Air of Authority - A History of RAF Organisation
Lindsay b: 12 Nov 1910
r: 26 Feb 1963
d: 7 May 2004
-1 Jan 1963, CBE - 13 Jun 1946, DFC – 26 Oct 1945, MiD
- 17 Sep 1943, MiD – 29 Jun 1948, BA.
– Class AA2): Plt Off (P):
6 Jul 1931,
6 Jul 1932, Fg Off: 6 Jan 1933,
(RAF): Act Plt Off (P):
6 Feb 1934, Plt Off (P): 2 Sep
1934, Plt Off: 6 Feb 1935, Fg
Off: 2 Apr 1936, Flt Lt: 2 Apr
1938, (T) Sqn Ldr: 1 Jun 1940, (T)
Wg Cdr: 1 Dec 1941, Act Gp Capt: xx
xxx 1945, Wg Cdr: 1 Jan 1946?,
Sqn Ldr: 1 May 1947 [1 Jan 1941], Act
Wg Cdr: xx xxx xxxx, Gp Capt: 1
Jan 1953, A/Cdre: N/A?,
Act AVM: 30 Oct 1959, AVM:
Officer, RAF Reserve of Officers (Class AA2).
Granted a Short Service Commission.
Relinquished his RAFO commission on appointment to a Short Service
U/T Pilot, No 3 FTS.
Pilot, No 26 Sqn.
Flight Commander, No 26 Sqn.
Chief Instructor, School of Army Co-operation.
xx Aug 1941: Officer Commanding, No 241 Sqn.
Staff, War Cabinet Plans
Officer Commanding, No 625 Sqn.
26 Mar 1945: Officer Commanding, No 625 Sqn/RAF Kelstern
Officer Commanding, ‘Shield Force’, Far East.
Appointed to extended Commission (4 years on the active list) as a
Squadron Leader (retaining rank current at the time)
Senior Personnel Staff Officer, AHQ Levant.
Appointed to Permanent Commission in the rank of Squadron Leader
SOA, HQ No 63 (Western and Welsh) Group.
Officer Commanding, RAF Ismailia.
SASO, HQ No 64 (Northern) Group.
Air Attaché, Rome.
AOC, Royal Ceylon Air Force.
son a doctor, he was born in Hull and attended Trent
College, Nottingham before going to Brasenose College in Oxford, where he read
Law. Whilst there he was a member
of the University Air Squadron and was commissioned into the Reserve of Air
first squadron was No 26 (Army Co-operation) Squadron, with whom he flew the
Avro Atlas, Hawker Audax and Hector before converting to the Lysander in
February 1939. Having been
appointed a Flight Commander in 1938, he was tasked with writing the
squadron’s mobilisation plan and in September 1939 he had to implement
it and lead his flight to France. He
returned to the UK before the German invasion of the West to take up the post of
Chief Instructor at the School of Army Co-operation at Old Sarum in Wiltshire.
took command of 241 at Bottisham equipped with Lysanders for PR work and
Tomahawks for army co-operation. However,
the Tomahawks were grounded in 1942 prior to complete re-equipment with
Mustangs. Moving to Ayr in
May 1942, the squadron re-equipped yet again, this time with Hurricanes,
eventually relocating overseas shortly after the Allied landing in North Africa.
The squadron changed aircraft once again in February 1943 when Spitfires
arrived but operations did not stop and for a while sorties were flown on both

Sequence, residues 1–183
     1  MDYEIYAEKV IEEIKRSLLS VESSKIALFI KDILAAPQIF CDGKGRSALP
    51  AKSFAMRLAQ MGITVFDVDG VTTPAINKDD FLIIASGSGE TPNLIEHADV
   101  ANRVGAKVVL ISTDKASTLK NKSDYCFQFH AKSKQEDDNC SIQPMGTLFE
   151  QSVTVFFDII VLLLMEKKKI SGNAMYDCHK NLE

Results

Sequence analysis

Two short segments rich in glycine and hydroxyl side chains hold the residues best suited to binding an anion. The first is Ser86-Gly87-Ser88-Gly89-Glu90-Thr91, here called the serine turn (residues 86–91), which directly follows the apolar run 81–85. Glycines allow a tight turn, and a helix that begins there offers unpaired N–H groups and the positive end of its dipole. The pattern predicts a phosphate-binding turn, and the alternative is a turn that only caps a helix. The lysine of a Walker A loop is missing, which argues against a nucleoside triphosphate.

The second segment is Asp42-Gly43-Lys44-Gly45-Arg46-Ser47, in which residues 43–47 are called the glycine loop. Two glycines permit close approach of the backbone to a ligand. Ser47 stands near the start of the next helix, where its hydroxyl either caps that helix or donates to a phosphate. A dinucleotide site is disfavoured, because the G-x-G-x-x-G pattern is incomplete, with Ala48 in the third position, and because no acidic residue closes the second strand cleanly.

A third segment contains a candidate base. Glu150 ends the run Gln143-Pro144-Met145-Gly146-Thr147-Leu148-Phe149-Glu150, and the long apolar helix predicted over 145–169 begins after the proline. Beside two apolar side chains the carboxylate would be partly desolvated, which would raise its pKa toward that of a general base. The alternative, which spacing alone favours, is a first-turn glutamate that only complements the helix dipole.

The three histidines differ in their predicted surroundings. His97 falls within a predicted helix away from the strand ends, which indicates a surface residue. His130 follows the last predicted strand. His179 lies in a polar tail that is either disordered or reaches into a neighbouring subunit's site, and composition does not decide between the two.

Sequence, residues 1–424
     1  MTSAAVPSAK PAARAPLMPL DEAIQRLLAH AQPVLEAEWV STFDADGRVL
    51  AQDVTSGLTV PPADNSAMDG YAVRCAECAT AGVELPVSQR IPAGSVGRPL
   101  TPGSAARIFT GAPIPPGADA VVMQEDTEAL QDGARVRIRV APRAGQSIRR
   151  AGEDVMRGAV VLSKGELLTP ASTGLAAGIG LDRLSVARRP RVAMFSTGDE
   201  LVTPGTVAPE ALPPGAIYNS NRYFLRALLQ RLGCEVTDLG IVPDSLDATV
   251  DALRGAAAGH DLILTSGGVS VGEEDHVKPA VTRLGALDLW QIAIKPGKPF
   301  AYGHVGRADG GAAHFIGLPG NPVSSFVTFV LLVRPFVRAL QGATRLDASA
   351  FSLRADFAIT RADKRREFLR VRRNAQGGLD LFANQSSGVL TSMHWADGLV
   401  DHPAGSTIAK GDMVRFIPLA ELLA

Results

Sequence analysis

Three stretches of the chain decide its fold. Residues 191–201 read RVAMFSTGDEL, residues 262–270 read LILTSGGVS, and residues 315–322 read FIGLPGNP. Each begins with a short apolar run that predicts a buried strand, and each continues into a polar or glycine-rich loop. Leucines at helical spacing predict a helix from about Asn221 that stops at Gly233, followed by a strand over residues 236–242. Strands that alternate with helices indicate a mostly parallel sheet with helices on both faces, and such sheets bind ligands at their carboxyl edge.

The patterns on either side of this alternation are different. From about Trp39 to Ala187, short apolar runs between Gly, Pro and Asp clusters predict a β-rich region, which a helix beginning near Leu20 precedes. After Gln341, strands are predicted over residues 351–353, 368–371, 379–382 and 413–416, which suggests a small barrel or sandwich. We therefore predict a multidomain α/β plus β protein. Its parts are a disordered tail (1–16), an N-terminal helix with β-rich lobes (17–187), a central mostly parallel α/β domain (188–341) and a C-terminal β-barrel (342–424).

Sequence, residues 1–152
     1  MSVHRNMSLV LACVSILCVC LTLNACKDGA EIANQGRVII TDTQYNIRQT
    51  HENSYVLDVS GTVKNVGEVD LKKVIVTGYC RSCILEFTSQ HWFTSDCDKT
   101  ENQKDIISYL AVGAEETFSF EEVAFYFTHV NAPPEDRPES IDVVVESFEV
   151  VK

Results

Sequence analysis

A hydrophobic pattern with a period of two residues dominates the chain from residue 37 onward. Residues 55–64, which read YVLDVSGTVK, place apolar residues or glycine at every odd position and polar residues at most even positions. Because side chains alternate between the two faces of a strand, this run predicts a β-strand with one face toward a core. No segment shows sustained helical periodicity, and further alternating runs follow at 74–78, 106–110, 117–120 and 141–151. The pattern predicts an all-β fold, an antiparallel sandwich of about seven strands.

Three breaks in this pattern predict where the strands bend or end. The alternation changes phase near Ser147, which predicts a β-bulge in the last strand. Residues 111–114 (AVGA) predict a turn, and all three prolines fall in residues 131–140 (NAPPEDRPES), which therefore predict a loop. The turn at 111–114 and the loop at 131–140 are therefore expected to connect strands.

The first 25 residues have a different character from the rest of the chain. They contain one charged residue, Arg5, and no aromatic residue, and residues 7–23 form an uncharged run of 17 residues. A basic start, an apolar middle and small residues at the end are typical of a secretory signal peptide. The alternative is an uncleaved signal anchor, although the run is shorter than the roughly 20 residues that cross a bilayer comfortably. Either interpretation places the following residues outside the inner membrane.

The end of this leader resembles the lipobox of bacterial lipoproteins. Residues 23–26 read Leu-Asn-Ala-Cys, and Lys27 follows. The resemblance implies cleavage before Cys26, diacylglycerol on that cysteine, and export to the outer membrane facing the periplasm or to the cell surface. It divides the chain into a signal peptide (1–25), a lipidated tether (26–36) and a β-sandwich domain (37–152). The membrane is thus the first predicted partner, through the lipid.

types. The squadron was involved in
Tac/R, ground attack and bombing missions in support of the ground forces in
North Africa and later Sicily. At
one point he incurred the wrath of General George Patton when he refused to
attack a target with his fighter bombers as the it was too heavily defended and
that the task should be allocated to medium bombers.
His decision was fully supported by the Allied Air Commander, Sir Arthur
his return from North Africa joined War Cabinet Plans and became involved with
the planning of the forthcoming invasion of Normandy. Following this planning task he asked to return to
operational and unusually he requested to join a bomber squadron, being given
command of No 625 Squadron at Kelstern in Lincolnshire.
Following a one-hour familiarisation flight he flew on the next operation
over Germany and thereafter flew on most of the most dangerous raids, enduring
him to his crews. Prior to
the end of the war in Europe, he was promoted to take command of ‘Shield
Force’, which was formed as the advance element of ‘Tiger Force’ and set
sail to the Pacific in command of 3,000 men. However, as the ship approached the Admiralty Islands,
he received new instructions to proceed to Hong Kong. Commandeering a USAAF Dakota to the Philippines and from
there an Anson. The surrender of
the Japanese in Hong Kong was taken by Rear Admiral C
H J Harcourt on 29 August and he sent Barker to Kowloon to accept the surrender
of the Japanese there and to re-establish RAF Kai Tak.
returned to the UK in February 1946 and was called to the Bar (Middle Temple) in
1947. At the beginning of 1947 he
moved to Palestine and as Senior Personnel Staff Officer, became heavily
involved in the preparations for the withdrawal of British forces from the
region. Moving west to Egypt
he assumed command of RAF Ismailia and again had to deal with difficulties
brought about by local conditions,
briefly returned to the UK to become SASO at HQ No 64 (Northern) Group, before
heading overseas again as Air Attaché in Rome.
His final appointment was to command the recently formed Royal Ceylon Air
Force. During his tenure,
he helped prevent a coup d'état by two Army officers, who he and his former ADC
arrested. Asked to extend his
command of the RCeyAF by the Prime Minister, Mrs Bandaranaike, he declined and
returned to Britain, where he worked in the City, finally retiring to Dartmouth.
During his early career John Barker had represented the RAF in both Rugby
and Cricket as well as playing Rugby for Oxford Greyhounds and Leicester Tigers and in
retirement he took up golf and sailed his own boat.
He was also President of the No 26 Squadron Association.
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